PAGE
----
He responded by filing personal lawsuits against critics in and out of the media, including B92, the television and radio broadcaster that played a key role in opposing Milosevic. He even sued people who simply criticized his lawsuits. 

Popovic also coordinated moves to suppress dissent through legislation. And the party of former President Vojislav Kostunica accused him of authorizing illegal surveillance of its offices. According to a July report by the Brussels-based NGO, the International Crisis Group, “EU diplomats and DOS [ruling coalition] officials have told ICG that a new intelligence service has been established inside the Serbian Premier’s cabinet under the [co-] direction of ‘Beba’ Popovic.”   

By July, Popovic had antagonized almost the entire press corps and foreign diplomatic community, and it was announced that he was once again leaving the government.  

 “The only person who could produce [such] solidarity…was Beba Popovic,” says B92’s general manager, Sasa Mirkovic. “He’s one of the most hated people in town.”  

Throughout the years, Popovic has remained remarkably elusive for a publicity man. He has granted only one interview – to state television, in which he admitted to personal volatility while denying anything more serious. He did not respond to three interview requests from this reporter.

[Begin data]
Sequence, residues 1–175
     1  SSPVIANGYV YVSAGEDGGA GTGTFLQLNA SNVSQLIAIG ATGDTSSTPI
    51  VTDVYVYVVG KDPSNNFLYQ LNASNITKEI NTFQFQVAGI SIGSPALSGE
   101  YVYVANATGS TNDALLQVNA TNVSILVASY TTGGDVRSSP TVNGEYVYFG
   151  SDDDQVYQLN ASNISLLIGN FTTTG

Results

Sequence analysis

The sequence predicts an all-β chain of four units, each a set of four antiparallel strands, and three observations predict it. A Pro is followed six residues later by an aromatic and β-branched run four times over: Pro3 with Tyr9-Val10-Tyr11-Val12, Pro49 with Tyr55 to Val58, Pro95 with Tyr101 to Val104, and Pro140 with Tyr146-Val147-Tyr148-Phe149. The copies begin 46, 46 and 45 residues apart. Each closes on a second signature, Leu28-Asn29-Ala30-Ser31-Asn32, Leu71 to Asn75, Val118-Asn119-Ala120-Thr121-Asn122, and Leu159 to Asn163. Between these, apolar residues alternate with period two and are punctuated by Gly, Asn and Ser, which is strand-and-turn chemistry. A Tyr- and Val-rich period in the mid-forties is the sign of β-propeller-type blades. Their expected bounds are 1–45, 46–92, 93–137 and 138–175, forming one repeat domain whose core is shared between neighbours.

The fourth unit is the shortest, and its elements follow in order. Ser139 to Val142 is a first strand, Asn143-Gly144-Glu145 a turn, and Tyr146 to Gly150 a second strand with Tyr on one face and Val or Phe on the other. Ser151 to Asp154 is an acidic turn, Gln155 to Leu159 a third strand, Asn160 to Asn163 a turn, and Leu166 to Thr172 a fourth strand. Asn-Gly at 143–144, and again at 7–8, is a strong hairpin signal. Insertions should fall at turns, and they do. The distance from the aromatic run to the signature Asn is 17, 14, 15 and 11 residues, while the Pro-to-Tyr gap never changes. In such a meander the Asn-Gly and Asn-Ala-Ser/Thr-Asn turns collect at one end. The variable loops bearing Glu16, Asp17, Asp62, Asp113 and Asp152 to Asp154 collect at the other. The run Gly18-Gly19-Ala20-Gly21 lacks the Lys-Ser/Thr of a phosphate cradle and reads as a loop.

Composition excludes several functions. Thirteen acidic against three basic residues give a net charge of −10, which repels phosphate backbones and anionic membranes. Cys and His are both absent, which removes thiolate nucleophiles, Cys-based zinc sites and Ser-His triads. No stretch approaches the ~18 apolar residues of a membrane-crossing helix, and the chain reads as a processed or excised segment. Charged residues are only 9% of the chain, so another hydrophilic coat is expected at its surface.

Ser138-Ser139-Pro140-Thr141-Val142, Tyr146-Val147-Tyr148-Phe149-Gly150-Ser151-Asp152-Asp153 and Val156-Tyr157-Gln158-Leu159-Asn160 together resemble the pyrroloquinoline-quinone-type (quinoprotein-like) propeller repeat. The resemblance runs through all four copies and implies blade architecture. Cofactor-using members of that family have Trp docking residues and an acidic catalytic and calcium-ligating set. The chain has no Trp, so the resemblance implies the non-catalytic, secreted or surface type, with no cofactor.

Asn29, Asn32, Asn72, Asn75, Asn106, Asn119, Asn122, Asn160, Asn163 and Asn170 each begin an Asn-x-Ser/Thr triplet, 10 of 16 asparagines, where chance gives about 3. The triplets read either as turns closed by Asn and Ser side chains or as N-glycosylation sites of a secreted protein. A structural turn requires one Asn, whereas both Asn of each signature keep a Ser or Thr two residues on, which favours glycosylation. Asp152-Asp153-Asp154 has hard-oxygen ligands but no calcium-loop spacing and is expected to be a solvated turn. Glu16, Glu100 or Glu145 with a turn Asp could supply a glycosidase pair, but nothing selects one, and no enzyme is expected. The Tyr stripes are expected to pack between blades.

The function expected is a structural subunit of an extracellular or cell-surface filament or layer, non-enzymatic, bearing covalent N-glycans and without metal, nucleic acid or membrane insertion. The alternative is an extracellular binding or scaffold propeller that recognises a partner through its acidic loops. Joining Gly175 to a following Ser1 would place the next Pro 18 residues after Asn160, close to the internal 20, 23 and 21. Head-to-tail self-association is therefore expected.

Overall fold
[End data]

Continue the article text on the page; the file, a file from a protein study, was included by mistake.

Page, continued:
Sources say they’ve seen him recently with government bodyguards, and he’s widely believed to remain one of a handful of most powerful Democratic party figures, a ‘power behind the throne,’ both for his fundraising prowess and because of the importance of propaganda work as the party faces daily scandals, declining popularity and a risk of losing its parliamentary working majority.  

Popovic also continues to play a major role through an estimated two dozen legal actions he’s launched, which would amount to ten percent of all lawsuits filed against journalists in the past three years.   Critics say the suits, and the government’s unwillingness to stop them, are symptomatic of a lack of understanding of appropriate venues for disagreement. According to Slobodan Kremenjak, B92’s attorney, “He came to court with a massive folder labeled ‘B92’, and said he had hundreds of examples of what he described as attacks against him  – which even the judge said was irrelevant to the case.”  

There’s likely some basis for Popovic’s thin skin, as even his critics admit. “A lot of our journalists don’t understand the concept of responsibility,” said Ljiljana Breberina, project manager for Belgrade’s Media Center, which trains journalists. Articles based on minimal sourcing or mere rumor are still common, and  the press here rushes to report each in a constant barrage of political name-calling, while making little effort to corroborate accusations. Significantly, though, many of the journalists who drew Popovic’s ire are among those considered to be most professional and serious.  

Media figures, most of whom declined to be named,  said it’s not surprising that in this climate, journalistic self-censorship has grown in the past few months – yet another blow to the prospects for truly open public debate and government transparency in this fragile democracy.